Monday, December 17, 2012

Bucket Filling

My son's preschool teacher shared a precious book with us a little over a month ago: Have You Filled a Bucket Today? by Carol McCloud.  Ever since then, bucket-filling has consumed our common vocabulary.

Lily, my three-year-old, will give me a peck on the cheek and whisper, "that filled your bucket, Mommy."  Gunnar, the almost-five-year-old in the house, will pick up his toys without asking and ask, "did I fill your bucket, Mommy?!?"  (The unequivocal answer is YES!)

Here's a picture of the two little munchkin's, because I can't resist:

The conversation goes both ways.  Both kids make sure to tell me what I can do to fill their buckets.  (If you're a parent, or if you've ever been around a kid at all, you can probably imagine how these conversations go....)

Yesterday, the four of us were having a rare moment at home alone together (Justin has been traveling like crazy for work).  We were giggling and laughing and generally bucket-filling.  In the midst of it all, Gunnar said in his loudest, most dramatic voice,

"My bucket is a GOLIATH-SIZED bucket!"

Justin and I belly-laughed at that.  He hit the nail on the head (as usual...I seriously think that kid's prophetic; he is so insightful).  Sometimes it does seem like we are pouring into a black hole.  He needs and wants and needs and wants....

Yes, this is sort of a toddler thing, but it's also a Gunnar thing.  Especially when his dad is suddenly en absentia after being home almost non-stop for seven months (thanks to unemployment).  The transition has been really hard on the little guy, so his neediness has been at an all-time high.  It's easy to feel overwhelmed, and like nothing I do is ever good enough.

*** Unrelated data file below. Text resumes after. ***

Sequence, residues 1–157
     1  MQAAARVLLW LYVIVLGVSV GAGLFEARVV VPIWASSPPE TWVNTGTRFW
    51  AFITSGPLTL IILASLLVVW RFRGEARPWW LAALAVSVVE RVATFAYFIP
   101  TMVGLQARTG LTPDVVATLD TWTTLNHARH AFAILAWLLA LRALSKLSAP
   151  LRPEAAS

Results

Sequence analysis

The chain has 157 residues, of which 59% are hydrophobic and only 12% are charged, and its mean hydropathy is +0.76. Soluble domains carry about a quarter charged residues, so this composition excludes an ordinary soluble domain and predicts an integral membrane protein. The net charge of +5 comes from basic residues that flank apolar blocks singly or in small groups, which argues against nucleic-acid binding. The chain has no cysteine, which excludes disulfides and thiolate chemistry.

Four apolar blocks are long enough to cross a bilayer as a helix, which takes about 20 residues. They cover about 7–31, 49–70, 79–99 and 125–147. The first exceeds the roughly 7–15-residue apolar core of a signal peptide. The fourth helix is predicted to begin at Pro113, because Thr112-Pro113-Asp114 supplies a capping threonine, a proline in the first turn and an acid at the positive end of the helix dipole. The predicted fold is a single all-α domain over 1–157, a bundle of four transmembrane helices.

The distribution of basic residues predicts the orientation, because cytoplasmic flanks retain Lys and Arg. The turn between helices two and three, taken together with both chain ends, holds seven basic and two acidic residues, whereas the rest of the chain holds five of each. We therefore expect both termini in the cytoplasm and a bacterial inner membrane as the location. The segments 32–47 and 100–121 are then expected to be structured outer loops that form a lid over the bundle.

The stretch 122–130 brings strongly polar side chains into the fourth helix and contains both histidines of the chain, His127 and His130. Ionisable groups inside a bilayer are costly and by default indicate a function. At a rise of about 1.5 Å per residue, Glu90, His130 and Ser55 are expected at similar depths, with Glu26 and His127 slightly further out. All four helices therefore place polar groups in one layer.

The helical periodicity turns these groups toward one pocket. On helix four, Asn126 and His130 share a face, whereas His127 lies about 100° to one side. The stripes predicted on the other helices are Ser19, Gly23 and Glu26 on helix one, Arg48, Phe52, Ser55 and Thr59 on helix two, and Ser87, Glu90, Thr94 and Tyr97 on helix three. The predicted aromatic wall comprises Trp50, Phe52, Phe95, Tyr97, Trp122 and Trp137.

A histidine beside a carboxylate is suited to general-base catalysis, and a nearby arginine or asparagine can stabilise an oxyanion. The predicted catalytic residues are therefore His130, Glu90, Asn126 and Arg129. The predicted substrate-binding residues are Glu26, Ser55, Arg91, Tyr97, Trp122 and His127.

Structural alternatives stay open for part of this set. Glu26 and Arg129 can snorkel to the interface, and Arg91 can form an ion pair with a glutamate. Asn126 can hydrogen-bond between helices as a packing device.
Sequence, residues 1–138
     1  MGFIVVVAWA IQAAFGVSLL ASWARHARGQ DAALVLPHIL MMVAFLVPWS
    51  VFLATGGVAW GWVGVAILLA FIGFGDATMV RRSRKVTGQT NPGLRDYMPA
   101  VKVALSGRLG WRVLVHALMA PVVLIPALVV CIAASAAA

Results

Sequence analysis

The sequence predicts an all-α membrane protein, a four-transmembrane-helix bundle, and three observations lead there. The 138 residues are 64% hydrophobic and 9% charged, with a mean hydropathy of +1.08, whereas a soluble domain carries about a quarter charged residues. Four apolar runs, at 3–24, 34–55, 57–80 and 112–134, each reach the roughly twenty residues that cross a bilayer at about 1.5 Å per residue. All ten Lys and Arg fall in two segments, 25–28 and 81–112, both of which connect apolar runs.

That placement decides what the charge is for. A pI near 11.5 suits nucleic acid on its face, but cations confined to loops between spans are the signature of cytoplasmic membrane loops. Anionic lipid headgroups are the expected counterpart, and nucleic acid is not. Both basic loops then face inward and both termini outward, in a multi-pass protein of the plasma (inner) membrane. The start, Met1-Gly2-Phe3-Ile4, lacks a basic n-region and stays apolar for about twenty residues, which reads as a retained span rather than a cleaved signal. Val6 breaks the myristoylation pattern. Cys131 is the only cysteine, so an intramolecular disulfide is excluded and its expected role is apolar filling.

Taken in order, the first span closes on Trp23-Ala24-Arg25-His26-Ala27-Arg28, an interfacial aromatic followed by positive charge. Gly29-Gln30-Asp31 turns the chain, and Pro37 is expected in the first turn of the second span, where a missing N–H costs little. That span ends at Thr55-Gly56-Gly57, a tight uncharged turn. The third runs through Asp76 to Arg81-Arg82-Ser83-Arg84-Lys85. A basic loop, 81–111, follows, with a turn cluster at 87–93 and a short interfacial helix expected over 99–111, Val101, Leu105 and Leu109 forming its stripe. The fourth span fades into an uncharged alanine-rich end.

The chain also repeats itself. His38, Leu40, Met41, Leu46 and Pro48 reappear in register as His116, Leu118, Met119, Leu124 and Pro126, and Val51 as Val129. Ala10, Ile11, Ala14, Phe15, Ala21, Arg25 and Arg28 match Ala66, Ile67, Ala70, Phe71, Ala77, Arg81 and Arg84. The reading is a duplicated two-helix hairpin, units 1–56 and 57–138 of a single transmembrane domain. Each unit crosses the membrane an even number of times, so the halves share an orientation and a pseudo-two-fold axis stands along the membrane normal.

But, today, after yesterday's pronouncement, I had a revelation: It's not the big things; it's the little things that make the difference.

In other words, I don't have to create this huge, over-the-top gesture to fill my son's rather large bucket.  In fact, when I try to pull that off, it inevitably backfires (either because I'm so stressed from the effort or because, quite simply, it's not what he wants...or needs).

No, I need to do the little things.  Consistently.  Every day.  And if I'm consistent enough, his bucket will never be empty.

I think this is how God calls us to live, and, large bucket or small, how we're all made.  We all need consistent, small acts of love, all the time.  The big gestures are wonderful, of course, but it's the small moments that make the biggest difference.

I'm thankful that God graciously gave me that insight today, lest I get overwhelmed with ol' Goliath.  And I'm thankful He gave it to me during Advent, the season of (among other things) giving (also known as: bucket-filling).  I want to work on my consistency in the small things, the daily acts, and now's as good a time as ever to start.*

Linking up with the community at Soli Deo Gloria today, but before I go, one last note....

*I couldn't leave this post without relating a quick story.  I started chatting with the newby at my local Starbucks today.  She told me that, when she was training in Seattle, someone had paid for the person behind them in the drive-thru.  "Cool," I thought.  She went on: "yea, it was cool, but what was even cooler was that the chain literally went on for something-like twenty cars!"

That blew me away.  The power of the little things.  You never know what impact your one, small act will make!

Tuesday, December 11, 2012

Digging Down the Layers

I'm not a patient person.  Maybe some of you are, but I, my friends, am not.  Most definitely.

I've known this about myself for a while.  I knew it when I got married, nearly seven years ago.  But during that first year of marriage, that was the year I actively began to pray about it.